Using spaceflight analogue technology, the proposed studies will incorporate microbial and mammalian cell culture, animal studies, and ISS crew immune cell studies in an integrated systematic approach to better understand how these systems shape the dynamics of the host-pathogen interaction that lead to infectious disease in microgravity conditions. Our hypothesis is that the incidence of higher virulence observed in both spaceflight and spaceflight analogue culture for the foodborne pathogen S. Typhimurium is not limited to this organism, and that multiple bacteria will exhibit similar increases in virulence when cultured under spaceflight analogue conditions. We further hypothesize that spaceflight-induced alterations in crew immune cell function will lead to compromised defenses against pathogen infection, which when combined with alterations in microbial virulence, will lead to a synergistic response that will reflect greater risk to crew health.
Accordingly, the goal of this study is to gain an understanding of medically important microorganisms relevant to crew health that exhibit altered virulence and pathogenesis-related properties and the impact of those changes on the crew immune cell response using spaceflight analogue culture conditions. This study will incorporate relevant ISS bacterial pathogens that have either been identified from operational microbial monitoring activities or that have a clear route of infection for the crew, including potential foodborne pathogens applicable to future development of bioregenerative food systems.
|Rationale for HRP Directed Research:
|| The MicroHost research plan aims to determine which microorganisms develop altered virulence when exposed to spaceflight conditions and understand the synergistic effect of altered microbial virulence and dysregulated immunity on crew health risks for deep space missions.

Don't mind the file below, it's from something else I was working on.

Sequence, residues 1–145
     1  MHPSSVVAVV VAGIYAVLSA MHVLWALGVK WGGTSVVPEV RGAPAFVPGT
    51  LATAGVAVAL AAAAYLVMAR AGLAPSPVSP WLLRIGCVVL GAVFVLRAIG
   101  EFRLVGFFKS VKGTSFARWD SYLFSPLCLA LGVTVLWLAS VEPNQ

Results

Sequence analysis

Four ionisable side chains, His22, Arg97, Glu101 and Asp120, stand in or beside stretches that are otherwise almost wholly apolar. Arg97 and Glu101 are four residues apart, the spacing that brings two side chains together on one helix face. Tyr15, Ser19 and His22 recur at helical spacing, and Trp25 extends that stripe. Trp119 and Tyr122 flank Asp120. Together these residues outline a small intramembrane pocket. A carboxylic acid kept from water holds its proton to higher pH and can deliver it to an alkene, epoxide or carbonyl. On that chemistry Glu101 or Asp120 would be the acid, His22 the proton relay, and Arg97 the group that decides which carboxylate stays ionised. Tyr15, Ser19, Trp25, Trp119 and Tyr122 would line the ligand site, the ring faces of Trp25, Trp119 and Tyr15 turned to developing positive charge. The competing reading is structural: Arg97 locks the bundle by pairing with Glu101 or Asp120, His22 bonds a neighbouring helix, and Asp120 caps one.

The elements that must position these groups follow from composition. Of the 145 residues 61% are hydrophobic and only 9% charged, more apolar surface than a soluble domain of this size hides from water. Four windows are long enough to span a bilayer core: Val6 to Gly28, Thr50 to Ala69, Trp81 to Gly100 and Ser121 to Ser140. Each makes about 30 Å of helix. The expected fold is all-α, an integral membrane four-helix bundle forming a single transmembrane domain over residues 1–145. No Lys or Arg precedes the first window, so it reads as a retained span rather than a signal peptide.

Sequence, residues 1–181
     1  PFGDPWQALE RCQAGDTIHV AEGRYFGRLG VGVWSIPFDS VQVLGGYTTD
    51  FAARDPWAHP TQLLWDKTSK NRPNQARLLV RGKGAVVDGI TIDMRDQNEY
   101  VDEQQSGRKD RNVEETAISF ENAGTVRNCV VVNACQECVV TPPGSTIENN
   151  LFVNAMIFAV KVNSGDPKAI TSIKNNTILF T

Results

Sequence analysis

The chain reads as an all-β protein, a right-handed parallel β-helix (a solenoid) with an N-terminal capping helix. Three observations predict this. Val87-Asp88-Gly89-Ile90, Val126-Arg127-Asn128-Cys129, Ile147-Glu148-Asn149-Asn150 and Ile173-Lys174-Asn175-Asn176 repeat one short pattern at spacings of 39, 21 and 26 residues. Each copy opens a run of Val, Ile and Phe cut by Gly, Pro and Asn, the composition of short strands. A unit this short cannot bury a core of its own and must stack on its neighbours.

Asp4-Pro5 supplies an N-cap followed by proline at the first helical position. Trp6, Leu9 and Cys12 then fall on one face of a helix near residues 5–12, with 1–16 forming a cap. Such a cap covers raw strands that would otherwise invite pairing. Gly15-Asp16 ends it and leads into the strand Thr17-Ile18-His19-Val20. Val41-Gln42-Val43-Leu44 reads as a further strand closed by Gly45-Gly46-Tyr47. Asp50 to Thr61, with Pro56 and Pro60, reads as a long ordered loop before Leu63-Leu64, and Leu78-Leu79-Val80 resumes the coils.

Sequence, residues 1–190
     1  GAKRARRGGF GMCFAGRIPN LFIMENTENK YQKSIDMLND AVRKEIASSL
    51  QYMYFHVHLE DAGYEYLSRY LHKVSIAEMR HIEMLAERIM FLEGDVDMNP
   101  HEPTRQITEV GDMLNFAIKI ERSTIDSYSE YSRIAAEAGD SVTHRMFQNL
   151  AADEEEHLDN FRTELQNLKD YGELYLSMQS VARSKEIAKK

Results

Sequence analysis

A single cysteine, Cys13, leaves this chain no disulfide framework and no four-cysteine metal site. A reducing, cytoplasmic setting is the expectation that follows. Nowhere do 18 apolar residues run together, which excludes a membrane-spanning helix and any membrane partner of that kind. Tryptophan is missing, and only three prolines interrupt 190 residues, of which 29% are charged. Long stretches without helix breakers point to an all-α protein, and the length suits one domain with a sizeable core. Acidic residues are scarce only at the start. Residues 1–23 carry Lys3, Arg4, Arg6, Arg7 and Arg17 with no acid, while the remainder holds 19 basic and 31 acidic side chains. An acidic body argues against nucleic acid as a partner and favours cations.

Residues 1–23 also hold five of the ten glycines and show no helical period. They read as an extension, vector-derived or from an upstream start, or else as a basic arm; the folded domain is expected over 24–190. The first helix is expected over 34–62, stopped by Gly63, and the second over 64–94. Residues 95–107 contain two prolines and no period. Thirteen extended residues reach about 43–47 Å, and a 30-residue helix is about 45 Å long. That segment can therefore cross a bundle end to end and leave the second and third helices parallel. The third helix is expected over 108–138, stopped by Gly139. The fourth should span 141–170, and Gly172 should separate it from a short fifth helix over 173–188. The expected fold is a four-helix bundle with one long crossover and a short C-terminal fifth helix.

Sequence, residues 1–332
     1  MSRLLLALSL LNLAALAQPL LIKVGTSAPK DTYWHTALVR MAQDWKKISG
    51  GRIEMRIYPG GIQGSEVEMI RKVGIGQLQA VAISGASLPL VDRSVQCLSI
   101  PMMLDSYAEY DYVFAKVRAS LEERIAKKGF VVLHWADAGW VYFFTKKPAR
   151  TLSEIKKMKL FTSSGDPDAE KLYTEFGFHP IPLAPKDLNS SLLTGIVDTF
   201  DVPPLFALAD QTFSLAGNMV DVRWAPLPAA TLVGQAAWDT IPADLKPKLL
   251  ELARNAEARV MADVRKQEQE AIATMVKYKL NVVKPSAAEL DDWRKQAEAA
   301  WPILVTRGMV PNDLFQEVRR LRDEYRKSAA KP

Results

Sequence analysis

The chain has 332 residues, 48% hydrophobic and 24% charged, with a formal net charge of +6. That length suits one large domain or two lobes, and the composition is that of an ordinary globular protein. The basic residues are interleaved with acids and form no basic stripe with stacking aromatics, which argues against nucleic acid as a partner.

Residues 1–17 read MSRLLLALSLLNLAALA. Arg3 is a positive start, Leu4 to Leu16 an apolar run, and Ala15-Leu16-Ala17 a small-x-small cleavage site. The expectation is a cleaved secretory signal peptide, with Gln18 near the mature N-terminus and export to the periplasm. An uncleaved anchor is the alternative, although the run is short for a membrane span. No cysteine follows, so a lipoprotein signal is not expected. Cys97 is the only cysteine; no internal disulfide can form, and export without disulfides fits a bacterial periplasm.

Insufficient time for solicitation: Continued delays in initiating the proposed study will continue to impact the schedule and decrease our likelihood of gaining the knowledge needed to close the risk. Note that the delay in this work may impact the Path to Risk Reduction (PRR) color change from yellow to green and put the studies outside of the window for use of the International Space Station (ISS). Two prior solicitations have been released (in 2009 and 2014) for ground-based proposals to understand microbial responses to simulated microgravity. Even though the prior solicitations were written clearly, the selected studies did not focus on identifying the microbial alterations that would gain the understanding needed to inform the risk, and they did not produce the needed ground-based investigations on mechanisms. The 2009 selection addresses collective changes of organisms within the human microbiome, and the 2014 selection addresses viral reactivation. The selected studies will provide information applicable to the gaps Micro-101 to better understand the potential impact of microgravity on microbial virulence and Micro-201 to better understand the contribution of these changes on adverse health events. Completion of the proposed work will provide clear evidence as to the operational applicability of these original microbial virulence data to a variety of microorganisms and will include measurements of host immune responses to microbial challenge.
Access to Previous Crew Data: This proposed study will leverage previous microbiology operational and research data as well as previously published immunology research data to provide a better understanding of impacts of microbial changes to the host and to determine the need for countermeasure evaluation as outlined in our PRR.